Avalanche Advisory for Tuesday, May 5, 2015

This advisory expires tonight at 12:00 midnight.

Tuckerman Ravine has Low avalanche danger. Natural and human-triggered avalanches are unlikely. Watch for small avalanches on isolated terrain features. Huntington Ravine is under a General Advisory. You will need to do your own snow stability assessments when traveling in avalanche terrain in Huntington. A danger of falling ice exists, and will persist until it all comes down.

AVALANCHE PROBLEM: The snow stability is generally very good at this time. Avalanches are a lesser concern than other hazards that you will need to pay attention to if traveling in Tuckerman Ravine. Looking at the water flowing down the waterfall adjacent to the Lip, I can’t help but wonder about the potential for a wet slab avalanche. Currently it appears as though the water is draining well and the chances of a wet avalanche remain unlikely. However, unusual events do happen. On April 19, 2013, a chunk of ice plugged the drainage channel and unexpectedly triggered a wet slab. The pre-existing conditions then were not all that different from what we have today, but historically, these events have been rare. I am keeping the rating today at Low danger, but remember that you are the one responsible for the decisions for where you travel, and our standing recommendation is to treat avalanche terrain with respect, even when danger is low.

OTHER PROBLEMS/HAZARDS: The Great Mt. Washington Melt-out has begun in earnest. The prolonged melting is bringing the usual springtime hazards to the forefront. These include:

FALLING ICE – There is still an incredible amount of ice in the Sluice and Center Bowl area. You do not want to be below these locations when the ice breaks off. Don’t underestimate the speed and random trajectory of chunks of falling ice. Reduce your time spent in Lunch Rocks, the Sluice, Lip, and Center Bowl and you will reduce your risk of injury or death due to this hazard.

CREVASSES AND UNDERMINED SNOW – The focus of the deepest slots is in the Lip and Sluice area with others located directly beneath rock buttresses above longer slopes. These glide cracks are getting larger by the day as the huge mass of snow melts and creeps downhill. Choosing a boot pack to ascend that avoids these hazards is a great way to reduce the risk of a fall into one of these holes. Aside from the prominent stream under the Lip area, most gullies in Tuckerman also have running water under the snow. Through the years we have seen the most incidents of people punching through into these smaller streams in Hillman’s, the Sluice, and Right Gully.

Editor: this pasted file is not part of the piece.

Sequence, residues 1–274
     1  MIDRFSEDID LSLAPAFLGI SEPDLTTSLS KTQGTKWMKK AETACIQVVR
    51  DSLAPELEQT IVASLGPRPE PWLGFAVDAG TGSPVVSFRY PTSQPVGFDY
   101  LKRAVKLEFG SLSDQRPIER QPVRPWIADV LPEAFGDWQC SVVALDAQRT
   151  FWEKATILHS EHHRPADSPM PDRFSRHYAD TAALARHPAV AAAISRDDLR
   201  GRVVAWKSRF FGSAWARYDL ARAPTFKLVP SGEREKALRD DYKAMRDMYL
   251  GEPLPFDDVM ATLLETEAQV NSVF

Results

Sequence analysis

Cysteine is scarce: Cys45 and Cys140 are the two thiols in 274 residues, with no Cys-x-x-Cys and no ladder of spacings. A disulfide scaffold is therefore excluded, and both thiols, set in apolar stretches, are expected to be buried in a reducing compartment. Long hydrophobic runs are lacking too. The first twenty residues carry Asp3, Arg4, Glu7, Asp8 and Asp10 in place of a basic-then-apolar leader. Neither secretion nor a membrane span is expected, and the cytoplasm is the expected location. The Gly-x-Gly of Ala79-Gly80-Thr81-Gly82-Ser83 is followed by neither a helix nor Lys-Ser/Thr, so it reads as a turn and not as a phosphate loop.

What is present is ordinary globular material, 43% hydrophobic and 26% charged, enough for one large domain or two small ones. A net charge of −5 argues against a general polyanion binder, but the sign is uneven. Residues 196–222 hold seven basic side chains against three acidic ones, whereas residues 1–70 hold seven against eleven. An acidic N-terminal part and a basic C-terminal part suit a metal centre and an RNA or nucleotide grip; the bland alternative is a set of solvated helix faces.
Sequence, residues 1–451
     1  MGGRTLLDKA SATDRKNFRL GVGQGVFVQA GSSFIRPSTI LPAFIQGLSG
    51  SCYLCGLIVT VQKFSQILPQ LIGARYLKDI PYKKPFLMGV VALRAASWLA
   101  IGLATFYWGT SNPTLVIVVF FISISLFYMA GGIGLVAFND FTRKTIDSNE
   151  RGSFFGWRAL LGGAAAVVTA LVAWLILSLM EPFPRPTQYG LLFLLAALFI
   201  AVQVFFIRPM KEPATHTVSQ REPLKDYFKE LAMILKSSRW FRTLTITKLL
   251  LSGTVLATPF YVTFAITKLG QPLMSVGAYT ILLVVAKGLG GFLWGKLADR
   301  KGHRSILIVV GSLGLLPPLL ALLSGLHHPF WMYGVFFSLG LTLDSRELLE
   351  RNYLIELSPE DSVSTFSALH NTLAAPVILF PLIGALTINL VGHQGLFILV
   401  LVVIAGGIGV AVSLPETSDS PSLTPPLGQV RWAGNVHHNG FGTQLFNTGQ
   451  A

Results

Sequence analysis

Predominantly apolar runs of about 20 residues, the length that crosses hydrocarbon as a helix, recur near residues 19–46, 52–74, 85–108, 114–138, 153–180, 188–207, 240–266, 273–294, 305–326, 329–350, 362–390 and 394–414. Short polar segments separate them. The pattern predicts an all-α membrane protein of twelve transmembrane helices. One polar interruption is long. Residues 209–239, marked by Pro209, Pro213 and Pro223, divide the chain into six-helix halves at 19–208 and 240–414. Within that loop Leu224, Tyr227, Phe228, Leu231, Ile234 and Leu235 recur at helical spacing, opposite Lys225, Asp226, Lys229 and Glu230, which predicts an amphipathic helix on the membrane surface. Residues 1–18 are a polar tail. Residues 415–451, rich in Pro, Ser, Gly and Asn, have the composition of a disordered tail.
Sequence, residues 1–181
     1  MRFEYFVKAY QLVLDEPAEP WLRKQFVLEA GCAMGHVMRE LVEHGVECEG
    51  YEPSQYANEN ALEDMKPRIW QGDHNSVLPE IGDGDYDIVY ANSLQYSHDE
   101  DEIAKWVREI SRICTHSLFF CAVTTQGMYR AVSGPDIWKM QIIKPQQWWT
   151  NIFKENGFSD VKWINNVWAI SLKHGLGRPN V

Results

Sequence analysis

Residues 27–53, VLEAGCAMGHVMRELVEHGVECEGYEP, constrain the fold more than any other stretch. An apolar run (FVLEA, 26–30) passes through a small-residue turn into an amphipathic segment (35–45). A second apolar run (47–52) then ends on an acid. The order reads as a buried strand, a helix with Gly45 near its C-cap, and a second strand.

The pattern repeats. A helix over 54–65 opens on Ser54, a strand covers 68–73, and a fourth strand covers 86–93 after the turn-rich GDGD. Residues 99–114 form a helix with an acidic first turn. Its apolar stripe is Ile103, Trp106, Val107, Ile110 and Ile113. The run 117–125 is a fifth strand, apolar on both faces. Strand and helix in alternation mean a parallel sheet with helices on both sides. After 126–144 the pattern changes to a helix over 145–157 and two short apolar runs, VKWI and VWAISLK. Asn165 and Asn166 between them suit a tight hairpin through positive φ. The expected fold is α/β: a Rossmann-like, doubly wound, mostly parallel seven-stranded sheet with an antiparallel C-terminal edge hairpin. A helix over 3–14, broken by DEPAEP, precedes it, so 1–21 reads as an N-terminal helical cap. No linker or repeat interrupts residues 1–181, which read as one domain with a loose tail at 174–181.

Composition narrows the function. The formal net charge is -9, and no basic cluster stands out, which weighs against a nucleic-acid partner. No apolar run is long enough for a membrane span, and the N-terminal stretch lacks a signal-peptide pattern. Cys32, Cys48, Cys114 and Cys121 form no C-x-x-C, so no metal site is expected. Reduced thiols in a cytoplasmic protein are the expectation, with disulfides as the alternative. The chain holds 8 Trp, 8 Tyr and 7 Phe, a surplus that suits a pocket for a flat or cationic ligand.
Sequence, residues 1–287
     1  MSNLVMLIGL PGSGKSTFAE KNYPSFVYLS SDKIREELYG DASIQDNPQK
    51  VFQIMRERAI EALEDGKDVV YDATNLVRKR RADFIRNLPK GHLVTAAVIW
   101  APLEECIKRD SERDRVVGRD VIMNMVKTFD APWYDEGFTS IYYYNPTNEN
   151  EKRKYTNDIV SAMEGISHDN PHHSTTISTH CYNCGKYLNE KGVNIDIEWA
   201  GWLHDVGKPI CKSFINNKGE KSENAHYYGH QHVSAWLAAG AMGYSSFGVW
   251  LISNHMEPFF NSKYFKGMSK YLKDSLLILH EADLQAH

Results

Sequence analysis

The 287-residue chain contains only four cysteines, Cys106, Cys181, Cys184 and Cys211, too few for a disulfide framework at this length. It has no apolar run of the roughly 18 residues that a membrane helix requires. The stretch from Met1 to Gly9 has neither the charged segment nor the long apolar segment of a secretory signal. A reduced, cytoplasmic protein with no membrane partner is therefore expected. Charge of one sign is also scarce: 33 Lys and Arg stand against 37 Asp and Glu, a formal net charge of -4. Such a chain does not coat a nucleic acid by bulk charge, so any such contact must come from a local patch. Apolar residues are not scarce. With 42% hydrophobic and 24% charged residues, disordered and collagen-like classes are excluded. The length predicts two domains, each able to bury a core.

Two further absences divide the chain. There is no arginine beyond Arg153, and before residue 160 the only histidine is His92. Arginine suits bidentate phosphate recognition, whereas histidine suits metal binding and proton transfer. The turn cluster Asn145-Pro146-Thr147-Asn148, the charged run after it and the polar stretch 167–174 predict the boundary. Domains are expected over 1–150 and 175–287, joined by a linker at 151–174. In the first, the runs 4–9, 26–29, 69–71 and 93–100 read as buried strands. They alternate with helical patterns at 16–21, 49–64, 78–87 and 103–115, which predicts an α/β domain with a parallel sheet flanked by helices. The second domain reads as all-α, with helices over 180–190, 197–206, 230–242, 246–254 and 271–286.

WEATHER: Today will be another warm day on the mountain. Last night temperatures did not fall below freezing for most of the mountain, additionally, there was a warm front that passed through late last night bringing 0.19″ of rain to the summit. Fog appears to be burning off already, which will allow sunshine to hasten the melting process today. This is all creating a lot of melt water and saturated snow.

For all practical purposes, the Little Headwall has fully collapsed and is unskiable. The best descent alternative is to hike back down to Hermit Lake, where you can choose to rejoin the John Sherburne ski trail. The Sherburne trail is disintegrating rapidly and is currently closed at the #7 crossover, 2 miles up the Tuckerman Ravine Trail from the parking lot. At the rope, please avoid the muddy descent and cross to the hiking trail and walk down. Do not ski on the hiking trail.

Please Remember:

  • Safe travel in avalanche terrain requires training and experience. This advisory is just one tool to help you make your own decisions in avalanche terrain. You control your own risk by choosing where, when, and how you travel.
  • Anticipate a changing avalanche danger when actual weather differs from the higher summits forecast.
  • For more information contact the Forest Service Snow Rangers, the Mount Washington Volunteer Ski Patrol, or the AMC at the Pinkham Notch Visitor Center and Hermit Lake.
  • Posted 8:45 a.m., Tuesday, May 5, 2015. A new advisory will be issued tomorrow.

Jeff Lane, Snow Ranger
USDA Forest Service
White Mountain National Forest
(603) 466-2713